As I move into a series of posts about the organization of time, space, and activities, I will be sharing some of the ways I use index cards. But for today, I thought I’d share just a few of the many excuses I have for stocking up on these little gems. And you won’t be surprised when I mention index cards as I go through my organizing and containerizing stories. For example, I use them for:

Hipster PDA. Photo by John Arundel, September ...

Hipster PDA. Photo by John Arundel, September 2005. (Photo credit: Wikipedia)

1. Note-taking. All purpose note cards for any purpose that comes up throughout the day. I try to always carry a few index cards in my purse or my bag for whenever I need to take notes or give information to others.

2. Daily to-do lists. Using an index card for the list keeps it more manageable (hence my preference for 3 x 5’s).

3. Weekly to-do lists. This challenges me to really focus on what’s important for the week within the space limitation of the card. It contains my activity somewhat. Keeps me from getting too carried away. In theory, anyway.

4. Menu planning. There was a period of time when I used index cards to plan a week’s menu. Each week I created a plan for that week. And after several weeks, I was able to start recycling a card here and there, until I eventually had quite a repertoire to choose from. Saved a lot of headache when thinking about what should we have for dinner. Saved and recycled the shopping lists as well.

5. Shopping lists. The cards work well for companion lists for the meal plans. Also good for other shopping lists. Or errands in general.

6. Project ideas. I like to keep track of ideas for creative projects on cards. One idea to a card allows me to add notes about the project to the card. After the ideas outgrow the index card, the project can be moved to its own file or incubation box. This provides not only incubation time, but provides a source of ideas when I’m not quite sure what I want to do next. It’s fun just to go through the ideas.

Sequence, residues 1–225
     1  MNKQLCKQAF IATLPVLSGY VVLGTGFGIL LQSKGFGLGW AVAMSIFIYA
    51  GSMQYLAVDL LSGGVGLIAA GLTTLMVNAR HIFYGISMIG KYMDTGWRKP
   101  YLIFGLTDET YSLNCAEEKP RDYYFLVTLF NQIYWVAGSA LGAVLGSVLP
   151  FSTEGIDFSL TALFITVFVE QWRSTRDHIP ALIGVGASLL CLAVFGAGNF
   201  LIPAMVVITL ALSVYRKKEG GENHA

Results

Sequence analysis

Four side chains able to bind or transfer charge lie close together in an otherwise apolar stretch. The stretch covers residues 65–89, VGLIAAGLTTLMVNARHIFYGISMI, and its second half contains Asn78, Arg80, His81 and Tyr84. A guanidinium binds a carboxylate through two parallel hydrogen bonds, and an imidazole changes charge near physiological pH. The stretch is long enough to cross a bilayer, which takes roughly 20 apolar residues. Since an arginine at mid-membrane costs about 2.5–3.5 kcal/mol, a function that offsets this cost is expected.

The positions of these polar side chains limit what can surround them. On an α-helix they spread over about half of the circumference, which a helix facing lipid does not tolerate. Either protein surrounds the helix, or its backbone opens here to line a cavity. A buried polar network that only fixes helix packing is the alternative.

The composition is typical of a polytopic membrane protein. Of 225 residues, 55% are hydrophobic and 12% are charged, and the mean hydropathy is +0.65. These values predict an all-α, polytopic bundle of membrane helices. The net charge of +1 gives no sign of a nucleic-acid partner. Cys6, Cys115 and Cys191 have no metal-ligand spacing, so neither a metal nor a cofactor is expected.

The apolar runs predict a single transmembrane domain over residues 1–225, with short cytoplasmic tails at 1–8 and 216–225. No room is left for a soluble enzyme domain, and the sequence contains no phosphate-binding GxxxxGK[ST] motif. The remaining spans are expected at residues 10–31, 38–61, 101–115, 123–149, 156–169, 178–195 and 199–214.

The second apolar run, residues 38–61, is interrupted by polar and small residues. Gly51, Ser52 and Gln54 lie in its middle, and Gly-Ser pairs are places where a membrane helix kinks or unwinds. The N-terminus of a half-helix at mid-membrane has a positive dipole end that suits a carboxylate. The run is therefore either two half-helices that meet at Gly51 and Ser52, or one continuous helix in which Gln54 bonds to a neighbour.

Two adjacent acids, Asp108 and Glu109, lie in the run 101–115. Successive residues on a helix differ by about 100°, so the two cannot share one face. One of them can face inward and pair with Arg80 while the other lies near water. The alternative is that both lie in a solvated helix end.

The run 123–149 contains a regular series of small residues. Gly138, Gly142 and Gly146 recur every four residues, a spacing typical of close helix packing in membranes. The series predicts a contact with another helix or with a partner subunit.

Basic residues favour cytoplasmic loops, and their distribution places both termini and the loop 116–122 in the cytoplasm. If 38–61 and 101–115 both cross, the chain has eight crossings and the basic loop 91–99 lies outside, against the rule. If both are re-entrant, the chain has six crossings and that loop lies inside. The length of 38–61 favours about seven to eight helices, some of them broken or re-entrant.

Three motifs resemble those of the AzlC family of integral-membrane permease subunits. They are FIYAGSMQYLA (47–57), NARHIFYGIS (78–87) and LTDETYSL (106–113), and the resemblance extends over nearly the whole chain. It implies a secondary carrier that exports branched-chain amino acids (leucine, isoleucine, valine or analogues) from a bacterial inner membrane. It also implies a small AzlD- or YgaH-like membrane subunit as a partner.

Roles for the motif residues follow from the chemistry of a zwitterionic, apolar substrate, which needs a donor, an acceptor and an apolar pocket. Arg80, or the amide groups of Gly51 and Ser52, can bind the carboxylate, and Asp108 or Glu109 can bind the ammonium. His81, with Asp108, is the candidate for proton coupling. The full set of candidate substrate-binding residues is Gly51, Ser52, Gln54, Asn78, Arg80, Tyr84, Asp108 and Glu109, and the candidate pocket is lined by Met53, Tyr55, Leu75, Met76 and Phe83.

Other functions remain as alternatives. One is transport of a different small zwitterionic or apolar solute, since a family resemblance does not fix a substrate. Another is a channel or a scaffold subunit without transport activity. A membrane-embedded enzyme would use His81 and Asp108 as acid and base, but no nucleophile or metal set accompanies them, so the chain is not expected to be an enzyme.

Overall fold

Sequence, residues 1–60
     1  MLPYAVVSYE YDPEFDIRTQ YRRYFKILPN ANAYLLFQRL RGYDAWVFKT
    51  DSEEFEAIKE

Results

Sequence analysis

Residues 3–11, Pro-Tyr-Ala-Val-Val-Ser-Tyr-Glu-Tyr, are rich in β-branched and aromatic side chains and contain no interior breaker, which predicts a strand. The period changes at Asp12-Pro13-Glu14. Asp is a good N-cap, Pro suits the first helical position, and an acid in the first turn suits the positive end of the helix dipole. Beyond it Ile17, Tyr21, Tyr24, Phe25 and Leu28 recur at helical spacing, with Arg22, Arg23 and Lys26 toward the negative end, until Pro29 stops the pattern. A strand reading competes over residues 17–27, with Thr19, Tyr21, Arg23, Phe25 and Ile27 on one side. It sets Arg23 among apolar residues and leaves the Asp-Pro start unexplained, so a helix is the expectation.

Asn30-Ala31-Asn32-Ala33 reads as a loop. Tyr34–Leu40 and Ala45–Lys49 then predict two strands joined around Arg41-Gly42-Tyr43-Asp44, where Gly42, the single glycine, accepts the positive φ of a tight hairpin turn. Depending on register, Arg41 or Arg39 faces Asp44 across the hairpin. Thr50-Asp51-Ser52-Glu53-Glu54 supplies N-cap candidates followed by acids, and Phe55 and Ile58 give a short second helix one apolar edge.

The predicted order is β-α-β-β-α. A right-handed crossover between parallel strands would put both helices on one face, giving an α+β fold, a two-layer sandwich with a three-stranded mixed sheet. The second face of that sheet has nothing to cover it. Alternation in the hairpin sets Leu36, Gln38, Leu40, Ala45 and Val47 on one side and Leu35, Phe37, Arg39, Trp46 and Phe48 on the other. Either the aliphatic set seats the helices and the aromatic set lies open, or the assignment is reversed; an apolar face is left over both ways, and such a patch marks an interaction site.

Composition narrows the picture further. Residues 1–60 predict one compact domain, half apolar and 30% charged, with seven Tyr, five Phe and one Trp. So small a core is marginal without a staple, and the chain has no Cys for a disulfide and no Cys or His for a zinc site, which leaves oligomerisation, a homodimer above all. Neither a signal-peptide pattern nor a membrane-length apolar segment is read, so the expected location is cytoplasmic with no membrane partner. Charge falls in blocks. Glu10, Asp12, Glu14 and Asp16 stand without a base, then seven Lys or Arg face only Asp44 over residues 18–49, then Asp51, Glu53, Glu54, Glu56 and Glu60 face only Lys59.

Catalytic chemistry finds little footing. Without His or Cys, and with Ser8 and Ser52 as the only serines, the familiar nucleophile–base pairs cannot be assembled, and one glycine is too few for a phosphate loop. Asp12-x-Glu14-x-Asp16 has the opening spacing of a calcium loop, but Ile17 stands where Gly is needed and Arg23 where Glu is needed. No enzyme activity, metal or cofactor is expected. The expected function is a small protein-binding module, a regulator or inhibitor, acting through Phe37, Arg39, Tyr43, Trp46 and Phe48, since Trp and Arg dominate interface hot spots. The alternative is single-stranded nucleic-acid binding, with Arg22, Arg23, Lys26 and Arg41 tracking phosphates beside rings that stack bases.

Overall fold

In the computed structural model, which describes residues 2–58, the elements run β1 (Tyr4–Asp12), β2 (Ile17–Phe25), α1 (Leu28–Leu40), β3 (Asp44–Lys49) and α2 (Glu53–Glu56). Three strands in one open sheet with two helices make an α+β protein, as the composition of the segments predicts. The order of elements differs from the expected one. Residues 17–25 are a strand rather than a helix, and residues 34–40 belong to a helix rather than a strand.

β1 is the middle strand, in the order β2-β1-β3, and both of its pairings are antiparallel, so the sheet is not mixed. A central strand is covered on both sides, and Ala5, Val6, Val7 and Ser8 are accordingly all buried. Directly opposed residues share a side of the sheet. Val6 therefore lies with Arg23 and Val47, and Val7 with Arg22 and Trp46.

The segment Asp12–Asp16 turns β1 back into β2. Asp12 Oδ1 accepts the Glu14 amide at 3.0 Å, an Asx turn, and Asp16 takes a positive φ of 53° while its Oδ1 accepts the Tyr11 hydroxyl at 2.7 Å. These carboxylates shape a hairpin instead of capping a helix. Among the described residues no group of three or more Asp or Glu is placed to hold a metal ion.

7. Research topics. Similar to project ideas, I can keep track of the different ideas I have for research, recording notes about ideas for exploring each one.

8. Organizing Book Chapters. In my current project, there are lots of ideas that have to be determined in terms of layout and which activities are going to be included. By putting the ideas for each section on index cards, I can shuffle things around and consider the most effective arrangement. (Works for organizing notes for research papers as well.)

9. Lesson plans. I like to plan out my syllabus on index cards, one week per card. Topics, assignments, group activities. Then they can be arranged by week, shuffled around, adding notes and details as I go. On the backs of the cards, I can write notes about what worked, what adjustments can be made.

10. Concise journaling. A quick and easy way to keep at least minimal notes about the thoughts and events of the day. Not as a replacement for other journaling practice, but as a helpful way to keep things going when time is short, or when all I have is the stash of note cards.

Watch for more index card fun in the weeks ahead.

When Containers Go Rogue

Log Jam

Log Jam (Photo credit: heathzib)

Have you ever been so overwhelmed by the number of things on your to-do list, that you became immobilized? This has happened to me more times than I care to admit.It’s like a log jam. Everything nicely contained with no where to go. Everything comes to a standstill; frustration sets in.